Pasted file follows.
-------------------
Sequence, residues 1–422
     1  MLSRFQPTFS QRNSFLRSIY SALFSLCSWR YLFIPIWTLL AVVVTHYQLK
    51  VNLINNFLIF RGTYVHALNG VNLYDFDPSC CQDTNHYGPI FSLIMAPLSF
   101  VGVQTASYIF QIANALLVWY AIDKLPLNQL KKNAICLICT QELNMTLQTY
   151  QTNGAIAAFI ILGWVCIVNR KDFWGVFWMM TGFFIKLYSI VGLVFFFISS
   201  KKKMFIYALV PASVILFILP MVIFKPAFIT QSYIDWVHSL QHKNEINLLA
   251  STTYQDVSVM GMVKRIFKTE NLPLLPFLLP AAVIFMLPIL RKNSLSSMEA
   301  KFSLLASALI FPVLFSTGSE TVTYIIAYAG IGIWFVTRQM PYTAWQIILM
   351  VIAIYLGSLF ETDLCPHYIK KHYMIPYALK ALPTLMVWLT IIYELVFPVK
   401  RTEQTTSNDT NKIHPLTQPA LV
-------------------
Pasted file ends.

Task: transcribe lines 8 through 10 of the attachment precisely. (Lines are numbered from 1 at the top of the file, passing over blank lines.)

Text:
   301  KFSLLASALI FPVLFSTGSE TVTYIIAYAG IGIWFVTRQM PYTAWQIILM
   351  VIAIYLGSLF ETDLCPHYIK KHYMIPYALK ALPTLMVWLT IIYELVFPVK
   401  RTEQTTSNDT NKIHPLTQPA LV